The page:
Archive for the ‘Audio Production’ Category

Baseball Great Tim Raines Voted into Hall of Fame

Thursday, January 19th, 2017

As I arrived at the Golf Club of Estrella in Goodyear, Arizona, I was full of excitement because I knew that today would be an eventful day with Crew West. MLB baseball player Tim Raines was being inducted into the Baseball Hall of Fame, so our job today was to shoot a live interview of Tim Raines for the MLB Network. I had the opportunity to understand the full particulars of this process from experienced professionals; Andy Patterson (camera), Doug Podkowsky (audio) and Mike Tomas (satellite truck). Over the course of my journalism career thus far, I’ve witnessed numerous interviews occur on camera. However, I’ve never seen what it takes to make a satellite live shot happen. The team today had an incredible work ethic to create an admirable setting with prime lighting. The camera was positioned accordingly to get the shot that was needed. As the time for the live interview got closer, we did our audio and lip-sync checks on the producer line (PL) and the IFB (interruptible foldback) line to ensure that our audio and video signals would run smoothly. Once all the checks were completed we waited for our guest to arrive. Before we knew it, Tim Raines walked in with his agent and family members. I put on my headset to listen to the producer line, and I watched the process of a live interview happen while I was “behind the scenes.” This was an experience that I will never forget.
-written by ASU intern Delaney Wood

ENG Crews in Arizona & Los Alamos, NM

Thursday, June 30th, 2011

While covering wildfires in the west and south sections of Arizona, ENG crews battle thick smoke and an extreme lack of sleep. I found it amazing that the firefighters could work so hard with less sleep then we had. Our ENG crews working for NBC, ABC, and CBS would get up at 1:00am so they could be on site by 2:00am and live at 4:00am. Yeah, 4:00am Arizona time for a 7:00am morning show hit EST. The Wallow Fire was in the northeast part of Arizona and the Monument was in the south. The Las Conchas Fire is the fire we are currently working near Los Alamos, NM.

The press is allowed in the evacuated town of Los Alamos with a proper press ID. That’s a little tricky with my sat truck operator (from Peak Uplink) who didn’t have an NBC Network ID. We had to talk his way in or no Today Show live hit. After some scrutiny the officer relented as most police were very accommodating to the press. Also very accommodating were the residents and shop owners. One restaurant turned out hundreds of meals to the firefighters. They had a welcome sign to firefighters and the press to come in and get free food. My audio tech, Matt Radlauer, and I went in to get something and ended up helping load a hundred or more meals into trucks for the fire crews. The restaurant folks looked tired after that, so we didn’t bother them and headed to a pizza joint by our hotel.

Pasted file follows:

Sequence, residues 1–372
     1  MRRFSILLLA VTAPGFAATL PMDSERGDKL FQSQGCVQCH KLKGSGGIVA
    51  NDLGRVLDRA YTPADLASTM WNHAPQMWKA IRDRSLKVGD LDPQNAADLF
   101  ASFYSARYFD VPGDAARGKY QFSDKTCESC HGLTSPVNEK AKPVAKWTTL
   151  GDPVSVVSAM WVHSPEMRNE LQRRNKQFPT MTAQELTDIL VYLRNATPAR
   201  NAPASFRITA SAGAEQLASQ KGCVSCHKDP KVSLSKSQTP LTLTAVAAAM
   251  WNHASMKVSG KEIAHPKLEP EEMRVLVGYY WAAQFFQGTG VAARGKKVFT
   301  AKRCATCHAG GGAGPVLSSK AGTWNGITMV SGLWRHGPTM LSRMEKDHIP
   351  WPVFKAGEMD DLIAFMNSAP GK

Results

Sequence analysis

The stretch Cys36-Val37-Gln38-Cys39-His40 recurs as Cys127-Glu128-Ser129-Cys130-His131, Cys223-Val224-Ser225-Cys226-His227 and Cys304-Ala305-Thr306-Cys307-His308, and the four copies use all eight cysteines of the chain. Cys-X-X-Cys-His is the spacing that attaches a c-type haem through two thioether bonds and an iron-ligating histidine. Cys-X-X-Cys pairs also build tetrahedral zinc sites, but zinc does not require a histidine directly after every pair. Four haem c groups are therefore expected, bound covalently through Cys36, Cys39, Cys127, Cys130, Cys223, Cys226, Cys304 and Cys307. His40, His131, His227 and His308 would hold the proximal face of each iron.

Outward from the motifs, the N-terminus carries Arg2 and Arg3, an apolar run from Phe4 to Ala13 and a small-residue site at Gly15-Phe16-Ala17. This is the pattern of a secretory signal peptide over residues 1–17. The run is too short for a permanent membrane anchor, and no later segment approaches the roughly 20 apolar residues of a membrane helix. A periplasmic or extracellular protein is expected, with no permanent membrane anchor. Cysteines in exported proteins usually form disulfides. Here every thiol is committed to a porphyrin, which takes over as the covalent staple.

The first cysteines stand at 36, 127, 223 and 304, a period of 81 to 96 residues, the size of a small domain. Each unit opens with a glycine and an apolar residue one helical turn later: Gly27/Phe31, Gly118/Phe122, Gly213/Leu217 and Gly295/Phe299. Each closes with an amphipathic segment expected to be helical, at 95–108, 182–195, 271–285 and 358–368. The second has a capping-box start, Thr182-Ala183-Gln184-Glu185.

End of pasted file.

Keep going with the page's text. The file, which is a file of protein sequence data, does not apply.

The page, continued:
As the summer continues, Crew West ENG crews prepare for the MLB All Star game that will be held in downtown Phoenix July of 2011. We look forward to a busy July providing services for all of the major networks including ESPN, MLB, and Fox.

-Jim Farrell, President

Audio Technician in Arizona

Tuesday, May 17th, 2011

Being an audio technician, the most vital trait or characteristic to have is knowing your field mixer bag inside and out. Field audio techinicians are thrown into different situations every day from breaking news of the Tucson shooting to news of the day for ESPN. So, knowing your mixer bag is imperative while out in the field as things spring up or audio gremlins appear. After a year of true work, I completely disassembled my bag and made the most of the space within the bag, but stocked it with the gear I figured out I needed the most in the field. A great way to look at what audio technicians need in their mixer bag is to go through past call sheets or invoices and recall the shoot. Remember what situation you entered into with that shoot and what challenges were present. If you start string together common challenges and/or difficulties from past shoot and one piece of equipment fixed those problems, its a good bet to have that item within your bag. Finally, no matter how hectic a shoot can be, do not let your bag get out of order. A free moment always presents itself and take that moment to put your mixer bag back in order. There is no excuse to give your producer or camera as to why you cant find something within your mixer bag. Its your bag, take ownership and make it yours.

Crew West Audio Tech Doug Klausen